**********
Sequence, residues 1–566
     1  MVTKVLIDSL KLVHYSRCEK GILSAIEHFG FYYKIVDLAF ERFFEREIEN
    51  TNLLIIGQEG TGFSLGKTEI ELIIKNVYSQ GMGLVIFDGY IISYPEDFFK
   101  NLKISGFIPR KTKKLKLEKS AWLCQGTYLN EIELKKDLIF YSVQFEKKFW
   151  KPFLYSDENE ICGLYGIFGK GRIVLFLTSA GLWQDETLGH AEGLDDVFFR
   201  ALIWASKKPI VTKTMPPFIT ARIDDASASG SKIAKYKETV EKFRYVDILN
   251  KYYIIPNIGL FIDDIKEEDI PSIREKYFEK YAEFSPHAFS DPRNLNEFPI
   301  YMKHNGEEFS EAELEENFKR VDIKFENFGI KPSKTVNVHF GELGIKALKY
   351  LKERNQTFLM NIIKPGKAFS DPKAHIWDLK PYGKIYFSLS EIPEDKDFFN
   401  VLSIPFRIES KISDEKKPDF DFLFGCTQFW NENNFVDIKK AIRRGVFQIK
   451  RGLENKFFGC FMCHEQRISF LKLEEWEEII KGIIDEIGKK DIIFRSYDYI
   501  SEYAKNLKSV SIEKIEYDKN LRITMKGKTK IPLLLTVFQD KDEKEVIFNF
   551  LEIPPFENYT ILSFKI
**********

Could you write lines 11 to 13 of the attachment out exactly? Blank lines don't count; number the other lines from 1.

   451  RGLENKFFGC FMCHEQRISF LKLEEWEEII KGIIDEIGKK DIIFRSYDYI
   501  SEYAKNLKSV SIEKIEYDKN LRITMKGKTK IPLLLTVFQD KDEKEVIFNF
   551  LEIPPFENYT ILSFKI